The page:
Ron: How's Q1 2021 looking so far? How's the pipeline looking, and how's business as you look forward a little bit?
Matt: Q1 this year is very interesting. I would say historically, for 10 years of the company, Q1 was the lowest quarter in the entire year. Some years it even got to the critical level where whatever was going on or with the market was trying. This quarter, we just had our best quarter in 2020. If it goes like this in scale, we are going to quadruple in 2021.
Ron: Is that your pipeline looks good, or you've already signed some deals that are already helping you feel confident you're going to hit some nice growth?
Matt: Our goal in the previous years we were doing nine-ten new construction to retrofit. Two years ago when we did the whole change of the company. Our goal was to do a 50/50, let go of some builders to open up time for marketing and direct to consumers relationship. Right now, I can say that we are 50/50. We achieved that goal, which helps us offset the quiet time from the builders with direct to consumers business. This month was a 50/50 split, and last month, we had fewer new construction projects, but more consumer projects came in, offsetting the loss. It ended up being a record first quarter in a company year.
Ron: Just so that I'm clear, and you may have said it, so people listening, they can rewind, but I don't have that luxury. I think I missed it. The 50/50 was in reference to what?
Matt: To new construction in our industry. The two split sources of leads are either new construction builders where you have a relationship with the builder, and you work directly with them and with the client versus bypassing the builder and dealing directly with retrofit or consumers homes, where we go in as a home is built already and fitted with a new system. Our goal was to keep the 50/50 balance between the types of projects we go after every year.
Ron: OK, understood. Thank you for clarifying. I want to dig a little bit more into last year, 2020. A lot of the businesses that I talk to every day talk about 2020, and they certainly, in many cases, I think you felt the same. You had a strong close to 2020. But that Q2, March, April, May, or maybe March was still part of Q1, but that March, April, May, June timeframe for many was super weird and often led to fewer contracts getting closed. Then there's some sort of recovery so that many businesses I've talked to talk about breaking even a success last year or mild growth, five or ten percent growth being a success, given what we all faced as business owners. You grew thirty-five percent. How did you do that?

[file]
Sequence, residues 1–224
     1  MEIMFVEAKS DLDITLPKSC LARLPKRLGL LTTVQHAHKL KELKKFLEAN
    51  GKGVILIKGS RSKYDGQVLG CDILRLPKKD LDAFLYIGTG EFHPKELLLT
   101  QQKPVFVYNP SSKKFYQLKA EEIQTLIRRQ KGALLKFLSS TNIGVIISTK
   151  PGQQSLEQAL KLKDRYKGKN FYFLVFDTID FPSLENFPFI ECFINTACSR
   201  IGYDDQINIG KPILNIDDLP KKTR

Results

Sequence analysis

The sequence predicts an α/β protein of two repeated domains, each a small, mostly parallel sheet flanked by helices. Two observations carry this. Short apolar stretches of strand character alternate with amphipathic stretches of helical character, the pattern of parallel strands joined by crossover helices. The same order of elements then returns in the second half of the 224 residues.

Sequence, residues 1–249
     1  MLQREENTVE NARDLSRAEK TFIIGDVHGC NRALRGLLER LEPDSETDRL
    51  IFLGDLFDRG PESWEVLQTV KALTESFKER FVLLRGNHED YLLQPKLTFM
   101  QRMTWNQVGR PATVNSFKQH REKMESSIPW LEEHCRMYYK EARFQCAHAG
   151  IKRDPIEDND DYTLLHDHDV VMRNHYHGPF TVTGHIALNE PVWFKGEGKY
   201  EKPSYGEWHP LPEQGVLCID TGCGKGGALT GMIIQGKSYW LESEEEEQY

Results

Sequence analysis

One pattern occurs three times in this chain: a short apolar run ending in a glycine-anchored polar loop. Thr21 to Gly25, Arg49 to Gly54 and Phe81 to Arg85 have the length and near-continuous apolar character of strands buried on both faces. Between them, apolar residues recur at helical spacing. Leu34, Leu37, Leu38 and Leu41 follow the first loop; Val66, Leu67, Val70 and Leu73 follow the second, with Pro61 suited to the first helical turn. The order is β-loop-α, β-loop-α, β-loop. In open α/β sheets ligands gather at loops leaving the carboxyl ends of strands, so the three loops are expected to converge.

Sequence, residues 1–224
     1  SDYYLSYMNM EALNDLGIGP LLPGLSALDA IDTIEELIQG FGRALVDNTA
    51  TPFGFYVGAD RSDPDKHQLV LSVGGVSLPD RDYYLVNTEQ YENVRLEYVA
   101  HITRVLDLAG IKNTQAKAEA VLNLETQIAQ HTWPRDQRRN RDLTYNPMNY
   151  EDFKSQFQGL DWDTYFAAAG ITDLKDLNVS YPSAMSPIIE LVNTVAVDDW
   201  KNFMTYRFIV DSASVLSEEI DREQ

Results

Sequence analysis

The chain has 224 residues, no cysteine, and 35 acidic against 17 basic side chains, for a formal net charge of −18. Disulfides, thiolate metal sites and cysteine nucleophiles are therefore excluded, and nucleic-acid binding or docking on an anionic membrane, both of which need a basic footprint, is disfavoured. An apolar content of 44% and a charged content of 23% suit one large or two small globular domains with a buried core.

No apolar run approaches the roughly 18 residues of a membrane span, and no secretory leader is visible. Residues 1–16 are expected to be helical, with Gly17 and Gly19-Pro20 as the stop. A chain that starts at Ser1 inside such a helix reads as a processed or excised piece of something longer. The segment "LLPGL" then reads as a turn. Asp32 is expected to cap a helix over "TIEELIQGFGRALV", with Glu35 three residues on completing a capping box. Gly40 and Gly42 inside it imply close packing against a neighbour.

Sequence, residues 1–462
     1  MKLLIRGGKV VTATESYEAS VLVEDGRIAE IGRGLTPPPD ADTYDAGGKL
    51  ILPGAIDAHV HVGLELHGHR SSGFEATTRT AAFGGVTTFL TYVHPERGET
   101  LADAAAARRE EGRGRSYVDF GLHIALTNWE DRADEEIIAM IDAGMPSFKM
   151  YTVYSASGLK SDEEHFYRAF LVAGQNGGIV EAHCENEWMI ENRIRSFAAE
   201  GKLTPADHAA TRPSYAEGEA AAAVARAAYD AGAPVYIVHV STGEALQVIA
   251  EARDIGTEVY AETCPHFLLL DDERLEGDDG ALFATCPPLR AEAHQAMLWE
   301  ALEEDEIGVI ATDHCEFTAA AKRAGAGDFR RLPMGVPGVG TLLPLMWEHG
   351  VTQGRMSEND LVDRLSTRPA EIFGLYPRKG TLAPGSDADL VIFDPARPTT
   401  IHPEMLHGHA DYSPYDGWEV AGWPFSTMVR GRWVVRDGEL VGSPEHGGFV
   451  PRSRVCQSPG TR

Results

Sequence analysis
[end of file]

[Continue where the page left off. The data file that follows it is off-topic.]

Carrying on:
Matt: I think for everyone, 2020 was a crazy or weird year. A lot of guessing, not many predictions from what was going on back in March when they closed us up in Chicago on March 16th. We were one of the first states or cities to be closed down. My partner Kamil and I had a very long discussion. The night of the closing, we basically reduced the company to two heads, myself and him. Our idea was that we had no predictions of how long this is going to take. We had a good amount of financial back up and credit lines and everything ready. But we did not know whether we were looking at two months or 12 months, and we did not know if our clients will let us into their homes. We were looking at the worst scenario, similar to restaurants where we have a business, but we cannot go into clients' homes. We basically fired everybody.
Ron: This was before we knew as an industry that we were essential.
Matt: Exactly. For three weeks, he and I were driving and hiding on the streets, going into a home and installing for clients that wanted us in, and then trying to keep up the company. During the shutdown, we basically stopped everything went into the core of the company where we started 11 years ago, I and my business partner and we ran the company as a two-man show and waited for the markets to recover or at least give us answers of what is going to happen. Then, things started to clear out. We started getting people back in. In a matter of a month and a half, we hired the entire crew back, and we started growing. But why I'm mentioning this is, I believe this was an eye-opener for us, a bucket of cold water where we knew we were not comfortable, and we knew we had to take aggressive steps to survive the upcoming months. It enabled us to save money. It sounds crazy, but during the first two months, when we reduced the company to two people, yes, we were working 22 hours a day, but we were able to secure even more funding to secure the upcoming months. We eliminated the fear. There was no more fear of crashing because we had the backup, and then we started aggressive marketing.
It was a time where you approached me with a Google advertisement, Google marketing tool marketing. We selected a few campaigns, and we went in, not even realizing how critical some of the things we do would be. I will also say that the benefits or the growth factor can be contributed to our service departments. Two or three years ago, we started memberships, providing in-house service and remote services as membership and as a company. The best part of Avidia is our service department, the attention we give to clients, the service we provide. When the clients were at their homes, we were able to successfully remotely service them, as well as provide onsite service from people they trust. That trickled down to upgrades and changes back in September.